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Fight climate change by preventing food waste

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One-third of all the food produced goes to waste; about 1.3 billion tons of fruits, vegetables, meat, dairy, seafood, and grains go bad on the farm, get lost during distribution, or are thrown away in grocery stores, restaurants, and home kitchens. This is about four times the amount of food needed to feed nearly 800 million people on the planet who are undernourished.

In addition to being a humanitarian concern, food waste also drives climate change. When we waste food, we waste all the energy used to produce it. About 10% of all human-caused greenhouse gases are linked to food waste.

In the US, producing food that gets lost or wasted is responsible for the equivalent of 206 million metric tons of carbon dioxide every year—roughly the same amount emitted by 43 million cars.

Delivering leftover food to those in need and composting the rest is an effective way to keep it out of landfills, but preventing food waste altogether is the most effective way to shrink its impact on the environment. If we can avoid producing food we don’t eat, we can save the land, water, and energy that would have been used to make that food. According to Refed, educating consumers to reduce food waste can prevent 2.3 million tons of greenhouse gas emissions.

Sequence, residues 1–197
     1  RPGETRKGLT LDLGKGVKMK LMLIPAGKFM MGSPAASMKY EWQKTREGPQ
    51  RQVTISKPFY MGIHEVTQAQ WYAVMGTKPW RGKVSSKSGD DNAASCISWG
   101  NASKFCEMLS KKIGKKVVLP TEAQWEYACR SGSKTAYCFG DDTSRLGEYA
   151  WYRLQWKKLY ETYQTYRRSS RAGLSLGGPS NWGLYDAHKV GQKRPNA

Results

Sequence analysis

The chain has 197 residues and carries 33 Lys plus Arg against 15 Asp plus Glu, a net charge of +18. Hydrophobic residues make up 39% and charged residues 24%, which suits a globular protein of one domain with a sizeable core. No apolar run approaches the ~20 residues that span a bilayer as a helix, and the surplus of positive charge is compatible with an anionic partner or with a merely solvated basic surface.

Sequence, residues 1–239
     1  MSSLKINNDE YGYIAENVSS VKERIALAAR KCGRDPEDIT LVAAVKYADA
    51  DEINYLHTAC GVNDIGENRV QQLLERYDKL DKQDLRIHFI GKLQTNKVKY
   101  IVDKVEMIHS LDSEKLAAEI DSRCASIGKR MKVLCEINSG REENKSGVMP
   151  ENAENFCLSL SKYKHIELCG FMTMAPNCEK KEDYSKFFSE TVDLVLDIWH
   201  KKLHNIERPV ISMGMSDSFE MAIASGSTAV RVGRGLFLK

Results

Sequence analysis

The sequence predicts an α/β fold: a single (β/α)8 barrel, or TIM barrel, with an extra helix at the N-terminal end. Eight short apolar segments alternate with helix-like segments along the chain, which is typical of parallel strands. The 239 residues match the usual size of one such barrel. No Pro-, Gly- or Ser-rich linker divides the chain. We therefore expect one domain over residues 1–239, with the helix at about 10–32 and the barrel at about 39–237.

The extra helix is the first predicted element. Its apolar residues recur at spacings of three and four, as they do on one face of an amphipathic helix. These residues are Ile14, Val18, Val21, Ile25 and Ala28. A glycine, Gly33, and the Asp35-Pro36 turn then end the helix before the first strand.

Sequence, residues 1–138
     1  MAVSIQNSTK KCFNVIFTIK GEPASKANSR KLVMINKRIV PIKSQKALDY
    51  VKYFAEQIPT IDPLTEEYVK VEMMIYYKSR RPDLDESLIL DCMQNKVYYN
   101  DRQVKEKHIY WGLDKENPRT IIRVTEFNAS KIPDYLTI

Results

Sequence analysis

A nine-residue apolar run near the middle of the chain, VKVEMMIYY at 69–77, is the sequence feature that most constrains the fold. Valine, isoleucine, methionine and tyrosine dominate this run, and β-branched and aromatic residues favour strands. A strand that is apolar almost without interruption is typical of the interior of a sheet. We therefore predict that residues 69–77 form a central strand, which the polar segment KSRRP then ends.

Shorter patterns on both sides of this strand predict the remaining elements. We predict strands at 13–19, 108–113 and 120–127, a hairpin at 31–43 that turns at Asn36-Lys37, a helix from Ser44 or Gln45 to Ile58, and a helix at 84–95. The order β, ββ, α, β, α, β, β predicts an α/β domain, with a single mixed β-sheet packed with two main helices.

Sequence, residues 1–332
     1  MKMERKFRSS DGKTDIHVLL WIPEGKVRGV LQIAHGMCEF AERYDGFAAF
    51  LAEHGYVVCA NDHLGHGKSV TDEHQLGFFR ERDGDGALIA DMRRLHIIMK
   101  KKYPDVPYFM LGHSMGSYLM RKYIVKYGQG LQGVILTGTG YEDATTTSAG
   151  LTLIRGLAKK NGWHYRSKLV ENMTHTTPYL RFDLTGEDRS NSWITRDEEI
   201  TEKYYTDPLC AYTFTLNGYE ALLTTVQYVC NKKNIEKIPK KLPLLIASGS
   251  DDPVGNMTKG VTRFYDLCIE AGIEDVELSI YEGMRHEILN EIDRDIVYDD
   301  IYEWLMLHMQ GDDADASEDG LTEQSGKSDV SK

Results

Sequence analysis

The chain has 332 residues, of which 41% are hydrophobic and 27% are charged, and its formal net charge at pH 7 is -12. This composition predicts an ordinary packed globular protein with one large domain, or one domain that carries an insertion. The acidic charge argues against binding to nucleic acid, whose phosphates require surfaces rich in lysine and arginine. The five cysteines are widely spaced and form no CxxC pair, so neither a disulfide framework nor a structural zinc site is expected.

Breads in a supermarket aisle © WWF/Richard Stonehouse
A deep freezer containing frozen foods © WWF/Richard Stonehouse

Here are some tips to help you get started.

  • Shop on a full stomach. Food looks better when we’re hungry and, in the supermarket, that can lead to buying more than what’s needed. Eat before shopping and write a list ahead of time to keep yourself on track and avoid waste.
  • Use your freezer. Most people prefer fresh food, but frozen foods can offer just as much nutrition and they remain edible for a much longer period of time. A lot of seafood, for example, is frozen before it reaches your supermarket and then thawed on display. Buying frozen seafood can extend the life of the product considerably.
  • Eat leftovers. Before you shop, use what you already have. Websites like Supercook and MyFridgeFood let you search for recipes based on ingredients. You can also use apps like Epicurious, Allrecipes, and CookBrite to make the most of what’s in your kitchen.
  • Blend and boil. Fruits and vegetables that are beyond ripe might not look great, but that doesn’t matter if you use them to make a sweet smoothie or a rich soup stock.

When it comes to food waste, we need more than just an ounce of prevention: We need 1.3 billion tons!